What are some of the coolest projects that you and your team have been working on?
Because Apache Kafka was originally developed at LinkedIn, we have a very strong Kafka development team. Both the Kafka development and SRE teams are very focused on open source work. As part of the SRE team, I took time to develop Burrow, which is an advanced tool for monitoring Kafka consumers. This solved a problem that LinkedIn had with how to monitor our applications, but because I was able to release it as an open source project, it’s also become a staple for many organizations outside of LinkedIn. We’ve recently completed a rewrite of the project as the 1.0 release to make it even easier for the community to engage with and improve it, something that benefits both the community and LinkedIn.
Burrow is one example of our projects that focus on the operability of Kafka, with others like Kafka Monitor and Cruise Control getting significant response as well. I’m also working on releasing some significant performance improvements to Kafka Mirror Maker, which is used for replicating data from one cluster to another.
What other projects are you involved in outside of Kafka?
Of late, I’ve been shifting my focus to look at problems that affect SRE in general and how to improve the quality of life for all of our engineers. For example, I’ve been heavily involved in the revamp of our processes for incident management, with the goal of making them more consistent and allowing us to move more quickly from problem to mitigation to resolution. I’m also starting to look at the use of another technology that LinkedIn is well-versed in, machine learning, to vastly improve site operations.
What made you first want to be a site reliability engineer?
Ever since high school I’ve been working in some aspect of operations—managing school computer systems in both high school and college, and working as a systems administrator after that. My work always included an element of creating tools to make my job easier, so SRE interested me as soon as I was introduced to the concept. It seemed to be a better description of the work I was doing, and it focused more on the thing I enjoyed best: strategic and proactive work to automate tasks.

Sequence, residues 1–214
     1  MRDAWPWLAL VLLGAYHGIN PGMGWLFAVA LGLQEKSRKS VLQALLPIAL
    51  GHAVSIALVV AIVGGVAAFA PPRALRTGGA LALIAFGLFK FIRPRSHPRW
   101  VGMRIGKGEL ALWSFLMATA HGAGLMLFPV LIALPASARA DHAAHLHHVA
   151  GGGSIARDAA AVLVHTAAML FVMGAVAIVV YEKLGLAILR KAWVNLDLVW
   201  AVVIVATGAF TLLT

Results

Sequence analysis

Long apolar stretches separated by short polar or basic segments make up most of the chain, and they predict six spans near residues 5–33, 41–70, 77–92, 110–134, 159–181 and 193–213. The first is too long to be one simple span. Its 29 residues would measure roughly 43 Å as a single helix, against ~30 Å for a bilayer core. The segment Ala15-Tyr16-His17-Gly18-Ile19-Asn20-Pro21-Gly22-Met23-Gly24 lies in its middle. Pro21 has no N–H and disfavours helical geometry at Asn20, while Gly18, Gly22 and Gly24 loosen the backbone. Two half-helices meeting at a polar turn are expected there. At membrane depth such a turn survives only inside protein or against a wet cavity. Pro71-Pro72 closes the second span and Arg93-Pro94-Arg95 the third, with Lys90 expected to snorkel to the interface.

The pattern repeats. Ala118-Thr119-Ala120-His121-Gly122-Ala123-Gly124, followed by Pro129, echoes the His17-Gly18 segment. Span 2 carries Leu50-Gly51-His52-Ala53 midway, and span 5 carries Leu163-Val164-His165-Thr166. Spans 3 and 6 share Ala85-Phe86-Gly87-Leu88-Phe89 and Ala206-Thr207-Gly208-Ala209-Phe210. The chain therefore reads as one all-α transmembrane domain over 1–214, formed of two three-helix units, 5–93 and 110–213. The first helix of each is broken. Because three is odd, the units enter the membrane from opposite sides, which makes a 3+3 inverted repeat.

What is the most challenging part of your job?
We have an excellent engineering team across the board, and the Streaming team in particular has a strong focus on operability and stability. Unfortunately, this means that we don’t have a lot of “easy” problems to work with anymore. Most of our problems end up requiring a significant investment of resources, in terms of both development and SRE, to solve.
Compared to other places you’ve worked, how do you like working at LinkedIn?
LinkedIn encourages us to take risks, and this is quite different than my previous positions. Everyone is constantly on the lookout for a new project or an area where we can pick up a little more performance with a change. And while we certainly don’t want to take the site down, mistakes and failures are not penalized. As a team, we are always learning and improving.
We’re also encouraged to engage with the larger community outside of LinkedIn, and this has resulted in a transformation of my career since I started here. I have had the opportunity to speak at numerous meetups and conferences on both Apache Kafka and on the practice of SRE in general, and I’ve even co-authored Kafka: The Definitive Guide.
What are your favorite things to do when you’re not at the office?
Especially with my travel schedule for work, most of my non-work hours are dedicated to my family. My daughters, wife, and I all love musical theater (Hamilton is a permanent fixture in our house right now) and all things Disney. If we’re not at Walt Disney World, or on a cruise, we’re planning our next trip.
On my own, I love to go out for a run. I’m on a bit of a break right now, having overdone it a little with eight marathons (and numerous other races) in the last 5 years, but I’m looking forward to getting out for some shorter runs and races as the weather warms up.